Where a multiplicity of detectors is adopted it may prove beneficial to provide for adjustment or correction for the relative sensitivities of the detectors for example, after measuring the detector signals in the absence of a sample, or in the presence of a known sample or both.
The apparatus may be designed to function with a wide range of types of detector. The choice of detector will depend upon the spectral region over which the apparatus is to operate, upon the desired response speed of the measurement and will present few difficulties to those skilled in the art. Detectors which could be used include photomultiplier tubes, silicon or germanium photodiodes or arrays thereof such as charge-coupled-devices, photoconductive and photovoltaic semiconductors, and thermal detectors such as thermocouples or pyroelectric detectors or arrays thereof.
The signal processing means may use known electronic means to amplify the signal or signals so as to produce the set of signals which represent the transmission or reflection of the sample for each of the light beams used. If adjustment or correction for the relative sensitivities of the detectors is required it may be applied at this stage or it may be applied as part of the subsequent computing means.
In FIG. 3 is shown one possible sequence of computing steps by which a property or identity of a sample may be determined.
Film thickness is described by way of an example.
(i) The computing sequence may commence with the entry of a trial thickness value. Such a trial thickness value could be determined by some other measuring means, or entered manually by an operator or a previous measured thickness value could be automatically used as the current trial thickness value.
(ii) Using a model a set of trial transmittance or reflectance values is computed, based on the application of the model to the trial thickness value. The model will be based upon an equation or a set of equations describing the way in which electromagnetic radiation interacts with the sample equations. Examples of possible equations are the Beer-Lambert absorption law and the Kubelka-Munk scattering equations, which are well known in optics.
(iii) Using the zero dependent correlation function a correlation between measured and trial transmittance or reflectance values is computed.
(iv) The correlation is tested to determined whether or not it is an optimum. If it is, then the trial thickness value is adopted as the measured thickness value. If the correlation is not an optimum, then a new trial thickness value is generated and steps (ii), (iii) and (iv) are repeated until an optimum correlation is obtained. In general it will be necessary to complete several sets of trial values before an optimum is derived.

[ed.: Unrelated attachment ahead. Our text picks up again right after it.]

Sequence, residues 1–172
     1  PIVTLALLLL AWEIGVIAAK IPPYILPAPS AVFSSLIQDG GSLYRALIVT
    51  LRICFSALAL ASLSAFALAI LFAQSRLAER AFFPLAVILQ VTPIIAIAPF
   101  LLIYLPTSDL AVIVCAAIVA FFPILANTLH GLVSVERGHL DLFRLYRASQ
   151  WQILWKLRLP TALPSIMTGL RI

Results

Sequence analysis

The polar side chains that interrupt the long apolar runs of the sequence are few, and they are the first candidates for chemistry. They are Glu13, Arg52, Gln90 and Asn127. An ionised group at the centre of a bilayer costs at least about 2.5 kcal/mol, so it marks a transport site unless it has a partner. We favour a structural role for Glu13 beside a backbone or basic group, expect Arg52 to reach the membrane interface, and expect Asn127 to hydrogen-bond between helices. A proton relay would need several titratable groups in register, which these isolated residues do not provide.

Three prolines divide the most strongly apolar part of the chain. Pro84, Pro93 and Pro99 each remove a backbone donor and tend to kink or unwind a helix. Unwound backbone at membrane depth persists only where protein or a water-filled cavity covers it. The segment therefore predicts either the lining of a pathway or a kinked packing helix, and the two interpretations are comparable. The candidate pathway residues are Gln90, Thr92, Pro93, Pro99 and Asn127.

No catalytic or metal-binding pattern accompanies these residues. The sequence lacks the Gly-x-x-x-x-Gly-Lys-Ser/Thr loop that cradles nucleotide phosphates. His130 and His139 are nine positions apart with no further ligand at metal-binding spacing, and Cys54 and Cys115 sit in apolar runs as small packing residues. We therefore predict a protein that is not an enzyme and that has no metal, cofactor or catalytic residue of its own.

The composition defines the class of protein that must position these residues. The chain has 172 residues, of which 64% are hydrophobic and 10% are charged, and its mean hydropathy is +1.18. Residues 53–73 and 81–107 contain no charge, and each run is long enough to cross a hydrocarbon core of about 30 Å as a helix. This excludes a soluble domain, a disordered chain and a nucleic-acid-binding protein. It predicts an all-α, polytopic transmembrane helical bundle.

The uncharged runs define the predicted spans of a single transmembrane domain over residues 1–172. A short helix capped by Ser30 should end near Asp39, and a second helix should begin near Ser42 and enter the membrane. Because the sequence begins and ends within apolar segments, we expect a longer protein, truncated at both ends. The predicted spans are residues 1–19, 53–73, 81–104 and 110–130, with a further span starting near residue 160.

Various strategies may be used to compute new trial thickness values from existing ones and their associated correlations. The several strategies taught in European Patent Application No. 87300251.3 will be equally effective with both the conventional and the new zero dependent correlation functions. EPA No. 87300251.3 also teaches methods of selection of groups of measurement wavelengths and computing strategies to cope with correlation functions having multiple maxima or minima, as may arise when the invention is used to determine the thickness of thin, optically flat films.
The new, zero dependent correlation function may be used in conjunction with these strategies.
U.S. Pat. No. 4555767 teaches a means of determining the trial thickness that yields a maximum correlation by statistically fitting a parabolic curve to correlation values associated with near estimates. Again, the new zero dependent correlation function may be used with this strategy and will give improved results in many cases.
Where the invention is used to determine an identity, the computing sequences described above may not be necessary. The usual method will be to compare the measured values with sets of trial values relating to each of the possible identities and select the one which generates the optimum correlation.
With modern digital computing means the repetitive and possibly time variable element in the computation is not a serious disadvantage, and the computation can be carried out in less than 0.1 second, permitting an essentially continuous measurement to be made during, for example, a production process.
In understanding the advantages of this invention it is helpful to note the relationships between conventional correlation coefficient, the new, zero dependent correlation function and the new normalised residual function.
For two sets of data, each consisting of n points, such as a set of measured values x1 and a set of known values y1 the conventional correlation coefficient is defined by: ##EQU4## where x and y are mean values defined by the equations: ##EQU5##
The new, zero dependent correlation function that is used in this invention is defined by: ##EQU6##